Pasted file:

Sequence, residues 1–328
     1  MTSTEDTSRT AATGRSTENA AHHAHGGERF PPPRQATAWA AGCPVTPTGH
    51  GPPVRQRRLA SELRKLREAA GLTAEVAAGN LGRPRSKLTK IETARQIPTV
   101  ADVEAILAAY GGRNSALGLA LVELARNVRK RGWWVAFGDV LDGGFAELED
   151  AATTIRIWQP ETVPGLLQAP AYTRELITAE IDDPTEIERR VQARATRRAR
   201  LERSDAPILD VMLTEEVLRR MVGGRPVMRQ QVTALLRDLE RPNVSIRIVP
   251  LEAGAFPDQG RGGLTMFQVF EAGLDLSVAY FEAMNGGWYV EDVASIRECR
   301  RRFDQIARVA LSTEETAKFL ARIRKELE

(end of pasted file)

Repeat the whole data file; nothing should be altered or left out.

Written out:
Sequence, residues 1–328
     1  MTSTEDTSRT AATGRSTENA AHHAHGGERF PPPRQATAWA AGCPVTPTGH
    51  GPPVRQRRLA SELRKLREAA GLTAEVAAGN LGRPRSKLTK IETARQIPTV
   101  ADVEAILAAY GGRNSALGLA LVELARNVRK RGWWVAFGDV LDGGFAELED
   151  AATTIRIWQP ETVPGLLQAP AYTRELITAE IDDPTEIERR VQARATRRAR
   201  LERSDAPILD VMLTEEVLRR MVGGRPVMRQ QVTALLRDLE RPNVSIRIVP
   251  LEAGAFPDQG RGGLTMFQVF EAGLDLSVAY FEAMNGGWYV EDVASIRECR
   301  RRFDQIARVA LSTEETAKFL ARIRKELE